Have you ever felt like the last passenger on a crashing plane with no more parachutes? I would venture a guess that many owner-operators today feel exactly like that. I admit that for the first time since the 1970s people actually understand the value of the trucker and just what they do for the nation. While most of us appreciate the thanks of a grateful nation, what the nation fails to understand is we are simply doing our jobs and providing for our families and only expect fair unbiased treatment, along with the opportunity to better the lives of those we love.
A pat on the back or an attaboy is nice, but neither will pay the bills.
Like everyone else, we have monthly household bills that need to be paid so our families can have the basic comforts of living. We have little ones at home, spouses, family pets. We have college tuitions, mortgages or rent, taxes, gas, insurance, and vehicle payments like everyone else. Our families consume the same exact thing everyone else does.
However, the owner-operator also has business expenses to maintain, and if that paycheck is to keep rolling in, they must be paid before any profit is passed on to the family. This in an industry where profit margins are based upon pennies not dollars.
Most of us who pay attention have heard the predictions — we knew we were coming to a cliff when it comes to freight volumes and rates. If we were smart and had enough time to react, we set aside an emergency fund to see us through. However, if some paid little attention, did not have the time to set up a contingency plan, or simply were barely hanging on, they are now looking at losing everything they were trying to build.
Is that the fault of the government or the big dog on the porch? No, of course not. Nor is it those entities’ responsibility to bail everybody out. And though it may be a hard pill to swallow, some may find themselves facing the decision to hang it up and go back to being a company driver. Lick those wounds, learn from mistakes made, and try again.
Still, we are now facing something never seen before in the history of our country. The only thing keeping us from a complete economic collapse are those still working and keeping this country running, a substantial portion of which are owner-operators. Sure, the mega carriers are keeping their drivers running. For a short time, they can sustain the impact of freight and rates bottoming out. Still, they are vying for the same freight as the rest of us, adding to those very issues we now face.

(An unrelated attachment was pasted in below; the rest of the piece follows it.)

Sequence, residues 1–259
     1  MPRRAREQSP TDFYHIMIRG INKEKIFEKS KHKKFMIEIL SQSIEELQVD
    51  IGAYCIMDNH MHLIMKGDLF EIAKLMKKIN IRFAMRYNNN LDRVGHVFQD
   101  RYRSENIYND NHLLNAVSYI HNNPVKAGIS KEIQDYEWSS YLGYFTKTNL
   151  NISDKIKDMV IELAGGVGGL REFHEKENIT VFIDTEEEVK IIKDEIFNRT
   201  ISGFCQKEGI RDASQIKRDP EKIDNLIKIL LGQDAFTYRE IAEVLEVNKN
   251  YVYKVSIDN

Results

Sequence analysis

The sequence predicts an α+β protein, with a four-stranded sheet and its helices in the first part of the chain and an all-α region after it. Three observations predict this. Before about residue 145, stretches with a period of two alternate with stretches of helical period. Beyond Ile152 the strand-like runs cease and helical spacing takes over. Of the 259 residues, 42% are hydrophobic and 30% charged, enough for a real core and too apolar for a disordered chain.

Some owner-operators can afford to wait it out, if they so choose. Their equipment is paid in full and they have set themselves up to ride the wave.
While most of us have determined to ride out the roller coaster and see it through until the end, we have no illusions about how difficult it already is, generally speaking – and how difficult it personally may become. And while we did not ask for it, we thought we might see a small reprieve with the passing of the CARES Act and its Paycheck Protection Program. However, as to a typical feeding frenzy the bigger, faster dogs crowd their way to the food bowl and the little dogs get left out or behind, the SBA last week predictably announced the billions set aside for that program had gone dry.
The cynic’s view? Yeah, that’d be that funding institutions processed the applications of their biggest customers (those from whom they stood to benefit most) first, and put the small guys on hold. That’s probably in fact true in some instances. Whatever the case, the money is gone for now and not everyone got what they needed. (Reports over the weekend suggested more money was on its way through Congressional appropriations, though, and business services firm ATBS Friday recommended any owner-operator pursuing Paycheck Protection Program funding to just continue work on their application with the expectation that it would remain an option; the firm is freely available to clients to assist in the application processes – also to nonclients, for a fee.)
President Trump called us heroes this past Thursday and thanked God for our contribution. Yet he also formed a committee to boost the recovery efforts and failed to include one of the largest segments of that recovery – owner-operators – as part of it.
He is right that we can and we will recover. As we’ve done before, most owner-operators will weather the storm and come out stronger in the end.
But falling off this freight cliff will be painful for all of us – and fatal for some businesses, given there just aren’t enough parachutes for everyone. Those who depend on owner-ops once again turned their backs and allowed the big dogs to eat their fill, leaving a large portion of us blowing in the wind.